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Pope Francis: Bible demands caring for the ‘poorest and most excluded’

Pope Francis said the Bible demands that we care for the poor.
Franco Origilia

Pope Francis condemned the growing disparity of wealth on Friday. Speaking to a group of United Nations agency leaders, the Pope said the Bible demands an economic system that cares for the “poorest and most excluded.” He asked the leaders to resist participating in an economy of exclusion and to strive to have “a real impact on the structural causes of poverty and hunger.”

The Pontiff’s remarks came just as the Congress is considering President Obama’s proposal to raise the minimum wage, and Paul Ryan’s budget that decimates every program that offers assistance to the poor..

Paul Ryan, are you listening? In case you missed it, Congressman, the speech is available online. Perhaps all the self-described Christian members of Congress ought to check it out as well.

“In the case of global political and economic organization, much more needs to be achieved, since an important part of humanity does not share in the benefits of progress and is in fact relegated to the status of second-class citizens,” the Pope said.

Francis said we must be aware of “the dignity of each of our brothers and sisters whose life is sacred and inviolable from conception to natural death,” “This,” he asserted, “must lead us to share with complete freedom the goods which God’s providence has placed in our hands, material goods but also intellectual and spiritual ones, and to give back generously and lavishly whatever we may have earlier unjustly refused to others.”

“The account of Jesus and Zacchaeus,” he said, “teaches us that above and beyond economic and social systems and theories, there will always be a need to promote generous, effective and practical openness to the needs of others.”

According to Luke 19:1-10, a rich man named Zacchaeus was overcome by Jesus’ kindness, and thus he publicly proclaimed that he would give half his possessions to the poor and pay back anyone he defrauded in the past, four times over.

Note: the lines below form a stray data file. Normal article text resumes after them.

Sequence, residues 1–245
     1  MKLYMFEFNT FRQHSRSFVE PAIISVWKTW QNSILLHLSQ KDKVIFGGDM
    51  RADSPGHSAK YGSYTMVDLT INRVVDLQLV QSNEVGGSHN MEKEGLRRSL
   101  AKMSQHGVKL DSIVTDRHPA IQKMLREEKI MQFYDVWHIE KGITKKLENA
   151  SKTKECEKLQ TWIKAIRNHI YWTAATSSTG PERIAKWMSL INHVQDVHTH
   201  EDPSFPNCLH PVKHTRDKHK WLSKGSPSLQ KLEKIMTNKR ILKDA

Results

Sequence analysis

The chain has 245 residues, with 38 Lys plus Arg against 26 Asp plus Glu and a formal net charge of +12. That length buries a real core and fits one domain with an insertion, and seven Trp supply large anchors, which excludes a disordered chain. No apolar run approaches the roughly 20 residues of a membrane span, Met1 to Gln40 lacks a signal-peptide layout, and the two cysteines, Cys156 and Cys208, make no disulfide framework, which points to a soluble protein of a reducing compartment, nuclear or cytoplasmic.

“Jesus does not ask Zacchaeus to change jobs nor does he condemn his financial activity, Francis said. “He simply inspired him to put everything, freely yet immediately and indisputably, at the service of others.”

That was not the only thing that the Christian Bible teaches us about wealth. In Matthew 19:21, Jesus tells a young man “If you wish to be perfect, go, sell your possessions, and give the money to the poor, and you will have treasure in heaven., Also, in Luke 3:10-11, Jesus tells an assembled crowd “Whoever has two coats must share with anyone who has none; and whoever has food must do likewise.” He also said that it was easier for a camel to pass through the eye of a needle that for a rich man to enter the kingdom of heaven.

This is why Pope Francis continues to speak out on the disparity of income and wealth. In the United States alone, the richest one percent of the population controls about 40 percent of the country’s wealth and owns about half of all stocks, bonds, and mutual funds. The income of the top one percent saw their income grow by 86.1 percent between 1993 and 2012.

In that same time period, the incomes of the rest of the country—the bottom 50 percent of which own only .5 percent of investments—grew just 6.6 percent. According to a recent study by Oxfam, the 85 richest people on the planet are worth nearly as much as the poorest 50 percent of the world’s population.

Congress has an opportunity to take a small but significant step to address this immoral disparity of wealth. It can start by raising the minimum wage. Then, it can send Paul Ryan’s poor-bashing budget to the compost pile. If Republican Catholics would break with their party and join Democrats, there would be sufficient votes to take these steps. This is a test, is faith more important than politics?

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